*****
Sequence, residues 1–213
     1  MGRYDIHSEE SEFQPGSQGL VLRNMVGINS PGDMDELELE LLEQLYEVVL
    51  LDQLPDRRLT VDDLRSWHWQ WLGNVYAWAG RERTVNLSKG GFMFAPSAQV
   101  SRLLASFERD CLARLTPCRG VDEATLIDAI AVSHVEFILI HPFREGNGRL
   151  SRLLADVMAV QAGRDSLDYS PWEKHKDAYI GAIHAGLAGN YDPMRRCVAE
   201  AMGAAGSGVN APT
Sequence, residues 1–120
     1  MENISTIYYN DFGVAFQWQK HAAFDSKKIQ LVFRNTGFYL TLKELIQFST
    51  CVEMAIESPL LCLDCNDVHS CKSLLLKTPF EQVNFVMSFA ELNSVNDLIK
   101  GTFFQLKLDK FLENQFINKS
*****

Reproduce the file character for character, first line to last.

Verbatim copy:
Sequence, residues 1–213
     1  MGRYDIHSEE SEFQPGSQGL VLRNMVGINS PGDMDELELE LLEQLYEVVL
    51  LDQLPDRRLT VDDLRSWHWQ WLGNVYAWAG RERTVNLSKG GFMFAPSAQV
   101  SRLLASFERD CLARLTPCRG VDEATLIDAI AVSHVEFILI HPFREGNGRL
   151  SRLLADVMAV QAGRDSLDYS PWEKHKDAYI GAIHAGLAGN YDPMRRCVAE
   201  AMGAAGSGVN APT
Sequence, residues 1–120
     1  MENISTIYYN DFGVAFQWQK HAAFDSKKIQ LVFRNTGFYL TLKELIQFST
    51  CVEMAIESPL LCLDCNDVHS CKSLLLKTPF EQVNFVMSFA ELNSVNDLIK
   101  GTFFQLKLDK FLENQFINKS